Late Pliocene lakes and soils: a data-model comparison for the analysis of climate feedbacks in a warmer world

Matthew Pound, Julia Tindall, Steven Pickering, Alan Haywood, Harry Dowsett, Ulrich Salzmann

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Abstract

Based on a synthesis of geological data we have reconstructed the global distribution of Late Pliocene soils and lakes which are then used as boundary conditions in a series of model experiments using the Hadley Centre General Circulation Model (HadCM3) and the BIOME4 mechanistic vegetation model. By combining our novel soil and lake reconstructions with a fully coupled climate model we are able to explore the feedbacks of soils and lakes on the climate of the Late Pliocene. Our experiments reveal regionally confined changes of local climate and vegetation in response to the new boundary conditions. The addition of Late Pliocene soils has the largest influence on surface air temperatures, with notable increases in Australia, southern North Africa and Asia. The inclusion of Late Pliocene lakes generates a significant increase in precipitation in central Africa, as well as seasonal increases in the Northern Hemisphere. When combined, the feedbacks on climate from Late Pliocene lakes and soils improve the data to model fit in western North America and southern North Africa.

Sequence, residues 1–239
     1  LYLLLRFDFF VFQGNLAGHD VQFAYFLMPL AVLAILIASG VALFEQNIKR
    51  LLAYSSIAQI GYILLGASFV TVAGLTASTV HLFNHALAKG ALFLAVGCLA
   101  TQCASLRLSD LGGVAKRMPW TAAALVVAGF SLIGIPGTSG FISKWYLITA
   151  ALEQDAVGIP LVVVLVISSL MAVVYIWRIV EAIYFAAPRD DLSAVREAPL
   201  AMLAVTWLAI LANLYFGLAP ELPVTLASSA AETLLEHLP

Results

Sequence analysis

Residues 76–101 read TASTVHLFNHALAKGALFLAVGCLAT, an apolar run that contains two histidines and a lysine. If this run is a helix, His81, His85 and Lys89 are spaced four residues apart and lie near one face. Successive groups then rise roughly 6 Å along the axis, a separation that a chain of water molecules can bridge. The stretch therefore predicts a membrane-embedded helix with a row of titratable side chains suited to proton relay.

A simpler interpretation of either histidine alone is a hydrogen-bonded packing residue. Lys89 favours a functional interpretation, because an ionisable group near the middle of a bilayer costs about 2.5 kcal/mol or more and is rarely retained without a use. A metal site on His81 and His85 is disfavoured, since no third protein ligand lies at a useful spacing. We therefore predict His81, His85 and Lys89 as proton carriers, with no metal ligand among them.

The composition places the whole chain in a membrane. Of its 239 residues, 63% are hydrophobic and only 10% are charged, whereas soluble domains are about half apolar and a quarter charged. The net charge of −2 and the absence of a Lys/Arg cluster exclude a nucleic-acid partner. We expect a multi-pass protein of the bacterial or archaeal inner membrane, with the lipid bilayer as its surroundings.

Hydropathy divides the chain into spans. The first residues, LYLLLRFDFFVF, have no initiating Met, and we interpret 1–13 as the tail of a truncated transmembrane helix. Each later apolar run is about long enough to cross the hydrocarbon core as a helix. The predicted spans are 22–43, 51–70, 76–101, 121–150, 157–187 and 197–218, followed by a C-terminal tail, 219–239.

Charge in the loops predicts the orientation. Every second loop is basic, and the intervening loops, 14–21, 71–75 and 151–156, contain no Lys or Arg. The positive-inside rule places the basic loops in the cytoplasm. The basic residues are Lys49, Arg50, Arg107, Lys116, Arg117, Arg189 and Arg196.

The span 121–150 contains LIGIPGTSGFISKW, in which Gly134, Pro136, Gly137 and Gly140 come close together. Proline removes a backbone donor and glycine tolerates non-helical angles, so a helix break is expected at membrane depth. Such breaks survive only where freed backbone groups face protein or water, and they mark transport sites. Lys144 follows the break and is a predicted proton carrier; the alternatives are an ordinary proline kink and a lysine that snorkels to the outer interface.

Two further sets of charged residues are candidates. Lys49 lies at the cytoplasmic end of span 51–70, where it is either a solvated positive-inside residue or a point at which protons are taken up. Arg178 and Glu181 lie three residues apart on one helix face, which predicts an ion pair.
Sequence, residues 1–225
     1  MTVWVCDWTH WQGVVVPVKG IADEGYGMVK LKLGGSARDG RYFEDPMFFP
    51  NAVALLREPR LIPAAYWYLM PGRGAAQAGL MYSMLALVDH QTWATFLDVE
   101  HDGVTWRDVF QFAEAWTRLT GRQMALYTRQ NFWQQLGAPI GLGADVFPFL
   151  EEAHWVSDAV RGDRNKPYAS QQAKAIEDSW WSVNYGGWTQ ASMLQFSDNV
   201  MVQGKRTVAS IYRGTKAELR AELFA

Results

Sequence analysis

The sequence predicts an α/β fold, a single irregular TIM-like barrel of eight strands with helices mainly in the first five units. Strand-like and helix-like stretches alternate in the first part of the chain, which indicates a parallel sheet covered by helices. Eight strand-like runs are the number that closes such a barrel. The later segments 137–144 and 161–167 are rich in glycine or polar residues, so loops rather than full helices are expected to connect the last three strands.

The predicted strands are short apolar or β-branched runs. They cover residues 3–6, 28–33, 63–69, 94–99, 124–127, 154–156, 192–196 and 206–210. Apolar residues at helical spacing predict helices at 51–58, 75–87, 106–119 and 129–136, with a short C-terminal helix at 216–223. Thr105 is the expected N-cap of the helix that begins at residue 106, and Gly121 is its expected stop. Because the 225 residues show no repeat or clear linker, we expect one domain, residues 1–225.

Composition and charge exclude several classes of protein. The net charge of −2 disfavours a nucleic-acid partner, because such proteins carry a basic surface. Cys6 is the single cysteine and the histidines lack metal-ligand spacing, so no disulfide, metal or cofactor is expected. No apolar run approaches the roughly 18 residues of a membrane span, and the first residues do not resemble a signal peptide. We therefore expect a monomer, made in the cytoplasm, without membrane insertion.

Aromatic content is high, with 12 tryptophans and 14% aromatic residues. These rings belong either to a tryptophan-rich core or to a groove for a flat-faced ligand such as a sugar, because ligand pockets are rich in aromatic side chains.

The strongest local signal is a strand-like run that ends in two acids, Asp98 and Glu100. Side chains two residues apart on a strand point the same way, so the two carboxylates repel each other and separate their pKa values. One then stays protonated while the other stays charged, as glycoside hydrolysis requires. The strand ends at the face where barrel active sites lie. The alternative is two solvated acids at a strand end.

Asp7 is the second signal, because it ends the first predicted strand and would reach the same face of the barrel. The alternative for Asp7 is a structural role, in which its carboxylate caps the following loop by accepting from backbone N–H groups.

Original languageEnglish
Pages (from-to)3175-3207
JournalClimate of the Past Discussions
Volume9
Issue number3
DOIs
Publication statusPublished - 2013

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